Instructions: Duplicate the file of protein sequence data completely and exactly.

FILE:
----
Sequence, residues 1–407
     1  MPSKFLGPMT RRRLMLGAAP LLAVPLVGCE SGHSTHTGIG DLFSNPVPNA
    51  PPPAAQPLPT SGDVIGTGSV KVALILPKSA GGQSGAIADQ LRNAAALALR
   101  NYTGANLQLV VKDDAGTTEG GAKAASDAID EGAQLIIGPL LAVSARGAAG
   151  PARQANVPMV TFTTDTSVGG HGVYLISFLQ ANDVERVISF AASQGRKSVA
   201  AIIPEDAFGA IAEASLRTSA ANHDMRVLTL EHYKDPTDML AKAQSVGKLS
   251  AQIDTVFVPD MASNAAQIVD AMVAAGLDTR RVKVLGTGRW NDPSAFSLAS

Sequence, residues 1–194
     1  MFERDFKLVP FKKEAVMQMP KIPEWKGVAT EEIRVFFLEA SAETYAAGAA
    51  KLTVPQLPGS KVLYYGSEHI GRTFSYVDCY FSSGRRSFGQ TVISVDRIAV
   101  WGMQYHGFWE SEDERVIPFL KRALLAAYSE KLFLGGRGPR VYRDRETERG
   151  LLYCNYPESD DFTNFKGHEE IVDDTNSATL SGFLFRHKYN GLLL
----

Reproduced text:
Sequence, residues 1–407
     1  MPSKFLGPMT RRRLMLGAAP LLAVPLVGCE SGHSTHTGIG DLFSNPVPNA
    51  PPPAAQPLPT SGDVIGTGSV KVALILPKSA GGQSGAIADQ LRNAAALALR
   101  NYTGANLQLV VKDDAGTTEG GAKAASDAID EGAQLIIGPL LAVSARGAAG
   151  PARQANVPMV TFTTDTSVGG HGVYLISFLQ ANDVERVISF AASQGRKSVA
   201  AIIPEDAFGA IAEASLRTSA ANHDMRVLTL EHYKDPTDML AKAQSVGKLS
   251  AQIDTVFVPD MASNAAQIVD AMVAAGLDTR RVKVLGTGRW NDPSAFSLAS

Sequence, residues 1–194
     1  MFERDFKLVP FKKEAVMQMP KIPEWKGVAT EEIRVFFLEA SAETYAAGAA
    51  KLTVPQLPGS KVLYYGSEHI GRTFSYVDCY FSSGRRSFGQ TVISVDRIAV
   101  WGMQYHGFWE SEDERVIPFL KRALLAAYSE KLFLGGRGPR VYRDRETERG
   151  LLYCNYPESD DFTNFKGHEE IVDDTNSATL SGFLFRHKYN GLLL